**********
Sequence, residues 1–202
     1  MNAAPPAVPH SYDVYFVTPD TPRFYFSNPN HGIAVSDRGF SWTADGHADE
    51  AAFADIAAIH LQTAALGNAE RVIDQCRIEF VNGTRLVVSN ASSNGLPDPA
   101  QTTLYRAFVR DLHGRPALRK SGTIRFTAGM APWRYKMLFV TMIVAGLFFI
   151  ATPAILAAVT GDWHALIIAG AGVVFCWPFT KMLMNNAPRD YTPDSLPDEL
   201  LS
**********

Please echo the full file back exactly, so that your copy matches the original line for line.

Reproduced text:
Sequence, residues 1–202
     1  MNAAPPAVPH SYDVYFVTPD TPRFYFSNPN HGIAVSDRGF SWTADGHADE
    51  AAFADIAAIH LQTAALGNAE RVIDQCRIEF VNGTRLVVSN ASSNGLPDPA
   101  QTTLYRAFVR DLHGRPALRK SGTIRFTAGM APWRYKMLFV TMIVAGLFFI
   151  ATPAILAAVT GDWHALIIAG AGVVFCWPFT KMLMNNAPRD YTPDSLPDEL
   201  LS